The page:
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How to Teach Language to Robots

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Summary of Videos from Intro to AI (first half)

There have been 2 main types of language models:

1. Probabilistic model:

  • deals with the surface words, and sometimes letters
     – (letter models are good when we are going to be dealing with sequences of unique words)
  • actual data of what we see, rather than some underlying model
  • learned from the data
  • the probability of a sequence of words      

2. Tree/Abstract structures (logical):

  • boolean; the sentence is either in the sequence or it is not
  • a set of sentences, set defines the language
  • based on abstraction (trees, categories–like noun phrase, verb phrase, etc)
  • primarily hand-coded (linguistically applied rules)
  • rules are not hard cut, can use probabilistic  models within logical, but not traditional

Assumptions within Probabilistic models:

1. Markov Assumption: effect of one variable on another will be local; if looking at the nth word, the ones that are relevant are the ones that have occurred recently, not a long time ago.

2. Stationarity Assumption: the probability of each variable is the same; probability distribution over the first word is the same as the probability distribution over the nth word. If you keep saying sentences, the words in that sentence are going to depend on the surrounding words in the sentence, but are independent of the other sentences.

3. Smoothing: if we are going to learn these probabilities from counts, we go out into the world, observe the data, and figure out the probabilities of given words, we are going to find that a lot of probabilities come out to zero or smaller; smoothing is a technique that fixes this.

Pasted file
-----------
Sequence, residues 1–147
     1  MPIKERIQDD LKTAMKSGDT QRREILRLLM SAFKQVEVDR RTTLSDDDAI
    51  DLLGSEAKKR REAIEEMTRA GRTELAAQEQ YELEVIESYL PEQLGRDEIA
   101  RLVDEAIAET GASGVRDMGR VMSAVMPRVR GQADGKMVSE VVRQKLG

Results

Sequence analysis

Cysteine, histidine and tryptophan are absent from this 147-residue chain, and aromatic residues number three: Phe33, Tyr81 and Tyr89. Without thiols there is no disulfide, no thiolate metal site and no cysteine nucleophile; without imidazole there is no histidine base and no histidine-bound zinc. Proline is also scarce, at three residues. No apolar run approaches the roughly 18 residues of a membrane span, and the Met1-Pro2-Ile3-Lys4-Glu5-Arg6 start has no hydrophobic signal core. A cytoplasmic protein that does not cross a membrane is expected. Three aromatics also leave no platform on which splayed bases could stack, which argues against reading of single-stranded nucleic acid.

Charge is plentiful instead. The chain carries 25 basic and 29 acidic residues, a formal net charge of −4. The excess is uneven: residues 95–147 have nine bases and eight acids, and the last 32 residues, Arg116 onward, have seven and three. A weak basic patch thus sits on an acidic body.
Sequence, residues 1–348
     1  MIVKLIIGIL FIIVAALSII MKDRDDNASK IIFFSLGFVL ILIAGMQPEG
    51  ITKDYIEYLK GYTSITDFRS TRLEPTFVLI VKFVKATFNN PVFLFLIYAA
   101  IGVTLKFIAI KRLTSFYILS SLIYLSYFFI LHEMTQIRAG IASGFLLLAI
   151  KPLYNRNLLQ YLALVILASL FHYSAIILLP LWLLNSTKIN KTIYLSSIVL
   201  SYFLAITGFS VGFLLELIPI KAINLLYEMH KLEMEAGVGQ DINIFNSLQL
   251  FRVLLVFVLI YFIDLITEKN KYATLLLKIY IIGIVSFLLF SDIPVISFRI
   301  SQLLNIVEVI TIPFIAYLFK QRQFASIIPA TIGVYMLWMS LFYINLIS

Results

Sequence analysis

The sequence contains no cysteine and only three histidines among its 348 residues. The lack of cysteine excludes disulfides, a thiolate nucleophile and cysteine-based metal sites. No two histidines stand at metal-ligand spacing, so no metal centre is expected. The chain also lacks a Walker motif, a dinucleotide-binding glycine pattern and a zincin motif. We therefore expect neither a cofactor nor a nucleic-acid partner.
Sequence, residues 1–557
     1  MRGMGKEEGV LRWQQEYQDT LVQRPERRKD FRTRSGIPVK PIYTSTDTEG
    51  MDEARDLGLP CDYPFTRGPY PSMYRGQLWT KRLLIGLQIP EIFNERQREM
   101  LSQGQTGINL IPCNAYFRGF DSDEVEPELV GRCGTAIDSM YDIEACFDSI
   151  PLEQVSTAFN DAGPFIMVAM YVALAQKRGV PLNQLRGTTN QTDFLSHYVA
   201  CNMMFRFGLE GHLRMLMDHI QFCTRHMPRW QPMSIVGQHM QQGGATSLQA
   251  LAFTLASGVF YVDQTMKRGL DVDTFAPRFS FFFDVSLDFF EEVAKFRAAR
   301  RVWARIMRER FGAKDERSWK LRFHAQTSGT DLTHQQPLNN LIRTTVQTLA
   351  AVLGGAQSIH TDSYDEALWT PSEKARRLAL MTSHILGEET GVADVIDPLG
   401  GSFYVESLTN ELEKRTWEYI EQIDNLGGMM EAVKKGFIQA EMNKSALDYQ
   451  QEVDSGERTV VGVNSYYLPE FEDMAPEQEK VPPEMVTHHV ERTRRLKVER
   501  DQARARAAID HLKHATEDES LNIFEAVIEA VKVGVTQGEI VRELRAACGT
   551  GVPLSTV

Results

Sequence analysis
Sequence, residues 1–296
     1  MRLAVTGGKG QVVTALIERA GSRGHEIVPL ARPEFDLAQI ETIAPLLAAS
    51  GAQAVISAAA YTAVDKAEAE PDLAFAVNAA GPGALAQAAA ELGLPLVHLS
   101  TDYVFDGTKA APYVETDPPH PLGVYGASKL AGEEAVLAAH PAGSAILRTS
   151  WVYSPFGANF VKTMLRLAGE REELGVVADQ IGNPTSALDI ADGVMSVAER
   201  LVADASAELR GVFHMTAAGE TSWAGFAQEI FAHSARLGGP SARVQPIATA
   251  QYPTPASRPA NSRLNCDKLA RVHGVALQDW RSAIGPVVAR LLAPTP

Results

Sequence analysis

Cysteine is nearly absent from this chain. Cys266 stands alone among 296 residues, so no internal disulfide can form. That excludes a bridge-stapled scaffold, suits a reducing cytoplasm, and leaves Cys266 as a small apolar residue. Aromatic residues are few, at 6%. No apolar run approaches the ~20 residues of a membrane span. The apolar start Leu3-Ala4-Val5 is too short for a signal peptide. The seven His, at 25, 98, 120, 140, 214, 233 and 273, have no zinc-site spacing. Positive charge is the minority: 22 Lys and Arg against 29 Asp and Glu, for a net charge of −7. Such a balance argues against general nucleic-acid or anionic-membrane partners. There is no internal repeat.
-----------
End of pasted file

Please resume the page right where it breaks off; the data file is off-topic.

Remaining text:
**All follow the idea of a probabilistic model over sequences

Using Language for Learning

Language has a powerful connection to the real world. We can learn a lot from looking at how language is used.  From looking at the patterns of when words are used we can learn a lot about culture.  An example, the word”ice cream,” we can see that “ice cream” is used most during the summer, and less during the winter, which will tell us the trend of when ice cream is popular.

Language models can also be used for: classification (e.g. spam): by scanning through an email and searching for a specific word, we can find out if an email is spam or if it is important; clustering (e.g. news stories); input correction (e.g. spelling, segmentation), looking through the sequence of letters to see if they make an English word, and offering suggestions for a word similarly spelled to the one tried by the user; sentiment analysis (e.g. product reviews), we can tell whether someone liked a product or not; information retrieval (e.g. web search), search the web for websites containing these specific words; question answering (e.g. IBM’s Watson); machine translation (e.g. English to Arabic); speech recognition (e.g. Apple’s Siri); and driving a can autonomously.

N-Gram Models

Unigram: single words

Bigrams: 2 words, second word is locally consistent with previous word

Trigrams: 3 words some complete sentences; fairly consistent

N Grams: 4 words; make the most sense

N Grams can also be used for single words, and instead of breaking down the sentence into words, we break down the word into letters. Unigrams, bigrams, and trigrams are all the same concept except one would look at the number of letters per word, rather than the number of words per sentence.


More next week on this…


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